On the Industrial Business Zone, DCP said they will continue engagement with business owners of the area, which includes bringing infrastructure improvements and broadband to the area. The Gowanus Alliance, which supports businesses across Gowanus, including the IBZ, said in an email earlier this week that it supports a rezoning that respects the character of the community and that aids in ending the affordability crisis across the city, but it should include a path for job growth, “…part of that must include modest growth in the IBZ section so the jobs our community has come to depend on are available.” But the group said it will wait to comment on the draft zoning proposal until after the DCP presentation.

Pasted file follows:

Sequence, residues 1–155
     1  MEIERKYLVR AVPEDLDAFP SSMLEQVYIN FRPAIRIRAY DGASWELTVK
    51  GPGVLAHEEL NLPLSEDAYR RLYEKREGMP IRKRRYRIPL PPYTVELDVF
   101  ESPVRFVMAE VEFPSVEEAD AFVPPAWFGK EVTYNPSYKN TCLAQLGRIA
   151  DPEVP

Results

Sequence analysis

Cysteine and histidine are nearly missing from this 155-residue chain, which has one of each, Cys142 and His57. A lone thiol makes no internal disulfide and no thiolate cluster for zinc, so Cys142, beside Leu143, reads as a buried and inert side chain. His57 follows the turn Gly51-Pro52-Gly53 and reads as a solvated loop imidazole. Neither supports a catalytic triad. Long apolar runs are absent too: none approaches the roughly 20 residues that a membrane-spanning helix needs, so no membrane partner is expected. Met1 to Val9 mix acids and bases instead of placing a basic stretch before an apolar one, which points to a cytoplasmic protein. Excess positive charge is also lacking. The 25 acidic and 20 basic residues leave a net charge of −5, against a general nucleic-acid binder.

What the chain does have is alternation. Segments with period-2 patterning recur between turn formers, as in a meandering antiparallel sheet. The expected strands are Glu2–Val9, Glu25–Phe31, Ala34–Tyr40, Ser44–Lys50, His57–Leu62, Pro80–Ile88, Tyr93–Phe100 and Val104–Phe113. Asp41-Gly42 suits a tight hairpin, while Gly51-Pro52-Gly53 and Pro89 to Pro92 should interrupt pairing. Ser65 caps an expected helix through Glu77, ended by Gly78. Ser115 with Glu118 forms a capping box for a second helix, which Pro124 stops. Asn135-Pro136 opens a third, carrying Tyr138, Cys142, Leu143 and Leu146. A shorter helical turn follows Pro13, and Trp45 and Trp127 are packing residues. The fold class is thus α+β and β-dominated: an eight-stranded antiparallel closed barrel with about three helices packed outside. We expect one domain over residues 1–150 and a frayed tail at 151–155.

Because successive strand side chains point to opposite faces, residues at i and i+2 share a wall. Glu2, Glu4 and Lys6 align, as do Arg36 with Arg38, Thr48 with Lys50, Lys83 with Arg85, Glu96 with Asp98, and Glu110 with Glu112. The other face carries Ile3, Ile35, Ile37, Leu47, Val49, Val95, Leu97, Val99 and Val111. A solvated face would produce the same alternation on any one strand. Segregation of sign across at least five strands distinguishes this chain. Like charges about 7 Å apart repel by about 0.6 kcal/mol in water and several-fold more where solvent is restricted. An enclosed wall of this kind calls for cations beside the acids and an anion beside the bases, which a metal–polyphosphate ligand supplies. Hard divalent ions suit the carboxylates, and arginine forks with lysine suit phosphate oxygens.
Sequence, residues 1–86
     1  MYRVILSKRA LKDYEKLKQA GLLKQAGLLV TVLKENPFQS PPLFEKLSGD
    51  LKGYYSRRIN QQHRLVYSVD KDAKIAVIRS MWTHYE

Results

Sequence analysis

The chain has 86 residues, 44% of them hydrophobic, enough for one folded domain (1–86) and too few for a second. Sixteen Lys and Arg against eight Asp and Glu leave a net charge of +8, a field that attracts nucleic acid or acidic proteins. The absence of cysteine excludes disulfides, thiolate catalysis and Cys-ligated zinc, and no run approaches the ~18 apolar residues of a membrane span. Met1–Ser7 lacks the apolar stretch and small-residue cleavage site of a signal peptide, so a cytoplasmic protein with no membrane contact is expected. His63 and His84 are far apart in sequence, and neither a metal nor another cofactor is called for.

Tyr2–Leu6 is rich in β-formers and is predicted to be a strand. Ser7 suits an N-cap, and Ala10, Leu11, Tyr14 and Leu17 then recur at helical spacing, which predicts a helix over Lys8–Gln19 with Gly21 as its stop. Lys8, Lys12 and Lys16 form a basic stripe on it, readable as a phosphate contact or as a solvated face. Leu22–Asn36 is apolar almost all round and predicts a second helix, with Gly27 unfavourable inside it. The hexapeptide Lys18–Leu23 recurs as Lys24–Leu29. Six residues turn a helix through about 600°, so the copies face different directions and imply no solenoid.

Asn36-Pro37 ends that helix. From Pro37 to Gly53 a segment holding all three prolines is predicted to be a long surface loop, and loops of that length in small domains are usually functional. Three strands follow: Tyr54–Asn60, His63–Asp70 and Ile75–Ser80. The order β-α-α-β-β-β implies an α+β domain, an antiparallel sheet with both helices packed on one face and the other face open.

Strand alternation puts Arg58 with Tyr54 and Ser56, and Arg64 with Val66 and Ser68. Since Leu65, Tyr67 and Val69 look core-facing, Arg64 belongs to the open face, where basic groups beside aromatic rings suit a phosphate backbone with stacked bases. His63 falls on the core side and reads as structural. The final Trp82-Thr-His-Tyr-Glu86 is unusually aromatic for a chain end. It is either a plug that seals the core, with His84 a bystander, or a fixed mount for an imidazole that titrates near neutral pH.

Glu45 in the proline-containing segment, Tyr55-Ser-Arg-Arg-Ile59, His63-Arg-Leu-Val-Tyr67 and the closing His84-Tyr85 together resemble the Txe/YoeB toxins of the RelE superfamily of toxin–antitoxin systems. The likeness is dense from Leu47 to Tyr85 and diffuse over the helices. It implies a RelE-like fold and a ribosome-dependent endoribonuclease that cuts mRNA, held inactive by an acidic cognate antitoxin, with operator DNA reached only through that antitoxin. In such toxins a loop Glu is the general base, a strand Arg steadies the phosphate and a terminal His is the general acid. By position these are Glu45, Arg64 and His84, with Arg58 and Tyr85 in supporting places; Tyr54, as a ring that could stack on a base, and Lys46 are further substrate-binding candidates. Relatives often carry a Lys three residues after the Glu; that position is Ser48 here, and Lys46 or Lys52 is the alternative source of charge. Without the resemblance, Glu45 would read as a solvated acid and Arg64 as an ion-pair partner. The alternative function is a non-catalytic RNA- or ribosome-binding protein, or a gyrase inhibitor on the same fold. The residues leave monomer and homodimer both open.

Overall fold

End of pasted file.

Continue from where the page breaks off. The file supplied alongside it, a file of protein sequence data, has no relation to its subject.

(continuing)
DCP will continue public engagement beginning with an open house to share and gather feedback on the zoning proposal, to be held on February 6, 2019 at 6:00 p.m. at P.S. 32 317 Hoyt Street off Union Street.
The next step will be the publication of the Draft Scope of Work for the Environmental Impact Statement, which will be followed by a public scoping meeting this spring to solicit comments to inform the environmental review.
DCP said the official public review process will begin after the Draft Environmental Impact Statement and land use application are completed.
The complete draft zoning proposal can be read here.